Finding the perfect Beach Bungalow near Dawei
We had spent 2+ weeks traveling around Myanmar and now had less then 1 week left. Mostly good times but the travels thus far were not exactly relaxing. We needed to relax. On a beach.
- getting to them was said to be a challenge due to distance and bad roads
- only two were rumored to have accommodation
We had our motorbike, so day-tripping to the beaches was an option. But like I said, we wanted to relax. Maybe wake up at a beach.
There was a flyer for Sin Htauk Beach Bungalows at our hotel in Dawei (Shwe Maung Than Hotel). Sin Htauk was one of the two beach bungalow places we had heard about (the other being Paradise Beach bungalows, further south). We talked to some other backpackers who advised us that email was the best way to get ahold of Sin Htauk.
A few hours after we sent Sin Htauk an inquiry we got an email back. We wanted to stay there for two nights if possible. They said they had a “comfort” bungalow available. Great, we’ll take it. We also asked them about the road to the bungalows. which we’ve read were not the best or safest. They said the road was fine if you were a competent driver.
We told Shwe Maung Than Hotel that we would be leaving the next morning and coming back in a few days for one last night. Shwe Maung agreed to let us leave a bag while we were gone, so we packed everything we needed in one backpack to bring with us.
The basic directions were: motorbike south for a couple of hours. Turn right at the “Sin Htauk Beach” sign. Follow the road and drive slow (as this is the rough section). Arrive at mangroves. Park the bike and walk the rest of the way to the beach.
Getting to Sin Htauk Beach
We rented our motorbike from Focus rental service down the street from our hotel as they were a little cheaper then the hotel. The nice woman there gave us coffee while we talked. We picked out a semi-manual bike, (you change gears manually but without a clutch). Very easy.
We filled up on petrol on the way out of Dawei and cruised south. The drive was nice and the road was very good. Still fairly early in the morning, it was cool out as we passed through villages and farm lands. Forests of palm trees blew by and we kept going, not stopping for over an hour. Finally we pulled over to rest and had some tea at a little roadside place.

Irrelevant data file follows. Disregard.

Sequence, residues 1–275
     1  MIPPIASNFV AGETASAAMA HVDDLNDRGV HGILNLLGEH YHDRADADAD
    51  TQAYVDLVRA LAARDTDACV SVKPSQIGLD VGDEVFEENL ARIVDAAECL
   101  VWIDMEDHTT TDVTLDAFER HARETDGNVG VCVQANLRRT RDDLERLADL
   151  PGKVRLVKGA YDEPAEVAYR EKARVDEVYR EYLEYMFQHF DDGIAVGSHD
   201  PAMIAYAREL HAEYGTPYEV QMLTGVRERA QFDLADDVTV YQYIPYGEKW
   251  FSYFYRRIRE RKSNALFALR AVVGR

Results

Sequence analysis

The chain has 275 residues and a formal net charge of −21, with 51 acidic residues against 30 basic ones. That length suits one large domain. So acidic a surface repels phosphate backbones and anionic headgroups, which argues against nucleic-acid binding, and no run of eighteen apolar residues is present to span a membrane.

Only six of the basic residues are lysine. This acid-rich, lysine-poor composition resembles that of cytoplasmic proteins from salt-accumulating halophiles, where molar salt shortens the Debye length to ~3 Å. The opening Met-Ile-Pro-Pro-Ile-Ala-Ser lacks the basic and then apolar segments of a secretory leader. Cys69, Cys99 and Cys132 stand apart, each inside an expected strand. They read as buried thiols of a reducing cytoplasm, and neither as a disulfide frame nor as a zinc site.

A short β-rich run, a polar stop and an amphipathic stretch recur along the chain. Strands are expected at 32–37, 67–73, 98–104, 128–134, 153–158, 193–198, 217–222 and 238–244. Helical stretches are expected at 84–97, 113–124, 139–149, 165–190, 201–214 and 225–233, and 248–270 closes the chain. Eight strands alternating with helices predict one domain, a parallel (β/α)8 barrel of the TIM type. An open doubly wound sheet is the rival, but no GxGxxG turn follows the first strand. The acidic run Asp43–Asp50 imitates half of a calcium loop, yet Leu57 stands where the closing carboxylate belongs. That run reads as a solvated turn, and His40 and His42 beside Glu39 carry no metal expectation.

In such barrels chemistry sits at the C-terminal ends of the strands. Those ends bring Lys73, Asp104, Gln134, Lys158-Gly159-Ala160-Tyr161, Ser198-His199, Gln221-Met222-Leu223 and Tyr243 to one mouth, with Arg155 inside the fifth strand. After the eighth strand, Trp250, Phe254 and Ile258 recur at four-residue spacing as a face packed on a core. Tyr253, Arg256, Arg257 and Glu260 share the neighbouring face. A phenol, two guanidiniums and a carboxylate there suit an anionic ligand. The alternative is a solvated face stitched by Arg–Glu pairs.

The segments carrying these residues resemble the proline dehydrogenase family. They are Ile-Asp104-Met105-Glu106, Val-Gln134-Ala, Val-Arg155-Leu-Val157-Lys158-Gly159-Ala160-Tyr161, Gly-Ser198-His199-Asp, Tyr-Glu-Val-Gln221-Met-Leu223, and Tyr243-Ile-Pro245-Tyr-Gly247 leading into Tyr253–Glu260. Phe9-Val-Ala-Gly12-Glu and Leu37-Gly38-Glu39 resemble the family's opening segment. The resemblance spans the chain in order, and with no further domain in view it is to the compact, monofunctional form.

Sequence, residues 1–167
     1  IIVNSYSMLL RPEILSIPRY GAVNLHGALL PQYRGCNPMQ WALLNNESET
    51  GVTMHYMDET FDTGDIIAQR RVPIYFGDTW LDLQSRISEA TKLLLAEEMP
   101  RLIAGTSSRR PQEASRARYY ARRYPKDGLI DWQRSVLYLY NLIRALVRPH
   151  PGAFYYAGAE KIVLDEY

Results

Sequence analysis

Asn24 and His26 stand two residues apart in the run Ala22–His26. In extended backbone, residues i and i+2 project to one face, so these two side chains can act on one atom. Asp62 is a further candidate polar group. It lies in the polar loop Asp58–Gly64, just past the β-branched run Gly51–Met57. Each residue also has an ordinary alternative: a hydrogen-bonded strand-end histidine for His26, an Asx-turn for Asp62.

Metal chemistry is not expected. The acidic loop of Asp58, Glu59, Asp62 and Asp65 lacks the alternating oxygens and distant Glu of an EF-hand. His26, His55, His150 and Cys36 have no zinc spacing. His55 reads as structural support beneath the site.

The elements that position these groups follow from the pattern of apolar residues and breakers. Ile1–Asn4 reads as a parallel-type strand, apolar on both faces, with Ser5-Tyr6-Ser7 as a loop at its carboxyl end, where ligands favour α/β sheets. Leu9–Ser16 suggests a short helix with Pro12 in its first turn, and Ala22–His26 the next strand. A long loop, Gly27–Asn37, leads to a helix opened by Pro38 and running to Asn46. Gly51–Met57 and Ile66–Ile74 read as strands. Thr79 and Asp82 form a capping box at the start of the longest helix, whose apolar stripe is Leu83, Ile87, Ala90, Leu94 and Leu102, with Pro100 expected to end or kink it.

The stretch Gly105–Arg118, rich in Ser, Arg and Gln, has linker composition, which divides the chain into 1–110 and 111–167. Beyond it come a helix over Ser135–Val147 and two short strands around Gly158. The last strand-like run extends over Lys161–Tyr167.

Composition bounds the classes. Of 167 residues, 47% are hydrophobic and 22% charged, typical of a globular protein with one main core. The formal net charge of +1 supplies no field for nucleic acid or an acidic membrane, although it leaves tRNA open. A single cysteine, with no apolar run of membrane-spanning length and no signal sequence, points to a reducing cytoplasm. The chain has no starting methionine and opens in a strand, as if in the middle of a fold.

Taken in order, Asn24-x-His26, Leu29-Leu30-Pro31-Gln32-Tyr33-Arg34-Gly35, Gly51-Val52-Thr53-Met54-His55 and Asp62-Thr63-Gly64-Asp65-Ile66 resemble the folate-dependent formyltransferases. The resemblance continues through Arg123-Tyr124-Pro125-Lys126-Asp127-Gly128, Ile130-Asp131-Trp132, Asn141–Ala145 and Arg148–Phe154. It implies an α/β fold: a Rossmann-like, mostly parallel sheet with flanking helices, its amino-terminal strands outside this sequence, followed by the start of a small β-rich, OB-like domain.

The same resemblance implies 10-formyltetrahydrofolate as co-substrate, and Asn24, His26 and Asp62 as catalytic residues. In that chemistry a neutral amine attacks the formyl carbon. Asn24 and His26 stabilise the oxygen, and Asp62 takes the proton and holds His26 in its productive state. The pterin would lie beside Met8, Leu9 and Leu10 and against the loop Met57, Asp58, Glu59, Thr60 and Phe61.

Back on the bike and through one more village, we came to the turn off for Sin Htauk, marked by a sign on the road.
The dirt road
We headed down the road. It became a little hilly with some loose dirt and rocks. On these steep downhills it was especially bad, any braking would send the bike into skids. Lena had to get off a couple of times on these hills while I biked them myself. I kept my bike in 1st or 2nd gear going down the hills so I didn’t have to use the brakes and then would gun it going up. Besides the hills, the road was in good shape.
As we got closer to the mangroves we met 4 backpackers on motrobikes heading back the way we came. They were staying at Sin Htauk and were going to find beer to bring back (as the beer at Sin Htauk was too expensive). They told us to that the tide was out, making it possible to just ride through the mangroves. No reason to leave the motorbike and walk.
A few minutes later we were at the spot where you would normally park your motorbike. On top of a hill, the path to Sin Htauk was down the steep path into the mangroves. A small group of local teenagers were there on their motorbikes. Though communication was hard, they tell us to leave our motorbike here and walk. We park the bike to get ready to walk. Then the kids tell us to just ride our motorbike and they all zoom down the hill and away.
Ok, so we will drive the motorbike. Lena got off the bike and let me take it down the hill solo. A very steep paved narrow road. We follow this path to the mangroves. Through deep sand and puddles, the bike actually got flooded and went dead. It took a few tries but we got it running again and kept going all the way to the beach where we parked it.